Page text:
LANDSCAPE  AND  CLIMATE
Iraq is located in the Middle East. To the north lie Turkey and Iran, which continues along Iraq's entire eastern border. To the southeast, a narrow section of Iraq joins the Persian Gulf. Also southward are Kuwait and Saudi Arabia, while Jordan and Syria lie to the west. Iraq can be divided into three geographical areas: a mountainous region in the far north and northeast; a wide, central and southern plain; and a desert region in the west and southwest.

The Zagros Mountains run from Iran through northwestern and northern Iraq. This rugged range has many peaks over 3,350 metres. Haji Ibrahim (3,904 metres) is the highest peak in Iraq. Although many of the mountains' original oak forests are gone, the Zagros still support maple, hawthorn and pistachio trees, as well as hardy alpine plants. This region also contains some of Iraq's largest oil reserves.

The mountains descend to a central plain. From Turkey and Syria, the great Tigres and Euphrates rivers enter northern and western Iraq and flowing in a diagonal route south to the Persian Gulf. The rivers create a central basin that contains most of the country's arable land. The most northern section of the central plain is a highland area of rolling grasslands, valleys and dry areas elevated up to 304 metres. The plain's southern section is flatter and wetter, home to numerous lakes. Baghdad and other cities are located here. Further southeast is a marshy land full of reeds, saltbush, buttercups and rushes. Near the Gulf, the Tigres and Euphrates meet to form the Shatt-al Arab, a channel that connects the port city of Basara with the coast.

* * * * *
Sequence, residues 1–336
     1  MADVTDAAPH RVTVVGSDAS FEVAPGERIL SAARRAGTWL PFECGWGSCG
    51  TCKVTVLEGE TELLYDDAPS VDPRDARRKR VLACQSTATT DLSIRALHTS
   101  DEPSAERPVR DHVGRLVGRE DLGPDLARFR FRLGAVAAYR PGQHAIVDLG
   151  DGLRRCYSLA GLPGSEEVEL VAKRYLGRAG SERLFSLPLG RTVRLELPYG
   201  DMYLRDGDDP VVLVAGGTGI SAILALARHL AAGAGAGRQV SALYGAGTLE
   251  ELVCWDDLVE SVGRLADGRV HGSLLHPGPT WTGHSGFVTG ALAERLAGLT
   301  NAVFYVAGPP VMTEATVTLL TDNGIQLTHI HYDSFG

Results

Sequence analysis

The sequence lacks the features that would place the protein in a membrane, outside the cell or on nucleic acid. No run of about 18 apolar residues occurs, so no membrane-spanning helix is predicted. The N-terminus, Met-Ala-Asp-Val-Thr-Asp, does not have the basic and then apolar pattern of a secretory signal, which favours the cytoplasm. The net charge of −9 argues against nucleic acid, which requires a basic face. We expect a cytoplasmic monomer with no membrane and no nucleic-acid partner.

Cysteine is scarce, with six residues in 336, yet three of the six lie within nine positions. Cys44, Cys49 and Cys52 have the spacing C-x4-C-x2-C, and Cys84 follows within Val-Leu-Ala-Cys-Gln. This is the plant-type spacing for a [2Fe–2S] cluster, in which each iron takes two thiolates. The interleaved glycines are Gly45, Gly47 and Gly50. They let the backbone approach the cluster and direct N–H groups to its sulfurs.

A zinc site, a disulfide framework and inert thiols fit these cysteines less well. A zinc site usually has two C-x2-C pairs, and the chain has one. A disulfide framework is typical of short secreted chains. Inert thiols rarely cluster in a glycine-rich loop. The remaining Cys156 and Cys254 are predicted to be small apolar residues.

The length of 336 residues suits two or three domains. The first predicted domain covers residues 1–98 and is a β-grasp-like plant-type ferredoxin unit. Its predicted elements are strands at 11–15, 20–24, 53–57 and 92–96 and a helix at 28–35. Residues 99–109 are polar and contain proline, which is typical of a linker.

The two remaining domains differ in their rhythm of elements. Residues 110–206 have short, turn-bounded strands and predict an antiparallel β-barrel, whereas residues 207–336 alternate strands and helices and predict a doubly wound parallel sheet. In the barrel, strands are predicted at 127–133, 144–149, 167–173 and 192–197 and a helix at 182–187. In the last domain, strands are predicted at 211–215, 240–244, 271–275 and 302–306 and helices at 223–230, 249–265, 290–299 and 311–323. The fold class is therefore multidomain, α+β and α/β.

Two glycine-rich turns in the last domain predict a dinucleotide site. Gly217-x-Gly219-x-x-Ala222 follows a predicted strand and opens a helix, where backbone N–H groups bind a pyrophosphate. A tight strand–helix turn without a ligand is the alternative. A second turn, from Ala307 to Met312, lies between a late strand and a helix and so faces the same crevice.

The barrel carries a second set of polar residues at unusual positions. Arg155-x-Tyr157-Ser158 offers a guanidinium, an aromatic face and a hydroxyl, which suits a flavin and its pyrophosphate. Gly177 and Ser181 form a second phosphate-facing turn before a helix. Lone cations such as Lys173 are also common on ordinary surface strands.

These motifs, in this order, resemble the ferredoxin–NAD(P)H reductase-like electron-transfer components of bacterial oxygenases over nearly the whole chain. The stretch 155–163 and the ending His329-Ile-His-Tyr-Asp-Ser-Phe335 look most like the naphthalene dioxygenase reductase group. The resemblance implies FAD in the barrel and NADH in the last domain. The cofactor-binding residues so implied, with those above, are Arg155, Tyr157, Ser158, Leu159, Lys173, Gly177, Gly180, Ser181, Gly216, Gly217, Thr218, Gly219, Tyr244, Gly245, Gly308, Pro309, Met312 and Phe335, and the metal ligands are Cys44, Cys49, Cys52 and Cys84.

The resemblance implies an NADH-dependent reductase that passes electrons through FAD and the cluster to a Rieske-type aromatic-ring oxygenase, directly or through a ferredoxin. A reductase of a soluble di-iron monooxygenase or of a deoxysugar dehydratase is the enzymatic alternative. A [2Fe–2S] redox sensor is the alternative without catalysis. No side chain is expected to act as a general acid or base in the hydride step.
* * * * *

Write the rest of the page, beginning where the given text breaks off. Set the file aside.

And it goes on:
Western and southwestern Iraq contain the Anabar and Al Hajara deserts. These flat, rocky regions support reptiles and sparse vegetation, including rockrose, storksbill and catchfly. Seasonal rains bring new growth and can flood wadis (dry riverbeds). In the far south is a region known as the Neutral Zone, established between Iraq and Saudi Arabia in 1975 to help the nomadic Bedouin people move more easily between these countries.

Although intense human settlement has limited wildlife habitat in Iraq, hyenas, gazelles, wildcats and boars live in some areas. The country also has many game birds and birds of prey, such as partridges, geese, ducks, vultures and buzzards.

Iraqi weather varies between extreme heat and extreme cold. Summers are very hot; some of the world's hottest temperatures have been recorded in the humid marshes near the Persian Gulf. Winters are cold, especially in the mountains and desert, where nighttime temperatures can drop below freezing.


  Did you know?
The Hanging Gardens of Babylon, one of the Seven Wonders of the ancient world, were built in Iraq by King Nebuchadnezzar II (605-562 BC) for his wife, Amytis, to dispel her homesickness for mountainous northern Persia (Iran).





  Did you know?
Iraq has two important winds. The eastern Sharki wind is hot and humid, while the northern Shamal wind brings welcome cooler air during summer weather.